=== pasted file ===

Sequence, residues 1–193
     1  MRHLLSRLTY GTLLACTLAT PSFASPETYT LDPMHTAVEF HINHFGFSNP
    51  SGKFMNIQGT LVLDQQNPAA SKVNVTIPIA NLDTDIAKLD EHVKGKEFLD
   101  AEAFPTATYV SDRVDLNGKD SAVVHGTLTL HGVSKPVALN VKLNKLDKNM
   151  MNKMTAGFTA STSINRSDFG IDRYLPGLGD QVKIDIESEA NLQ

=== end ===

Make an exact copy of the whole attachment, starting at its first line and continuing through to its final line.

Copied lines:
Sequence, residues 1–193
     1  MRHLLSRLTY GTLLACTLAT PSFASPETYT LDPMHTAVEF HINHFGFSNP
    51  SGKFMNIQGT LVLDQQNPAA SKVNVTIPIA NLDTDIAKLD EHVKGKEFLD
   101  AEAFPTATYV SDRVDLNGKD SAVVHGTLTL HGVSKPVALN VKLNKLDKNM
   151  MNKMTAGFTA STSINRSDFG IDRYLPGLGD QVKIDIESEA NLQ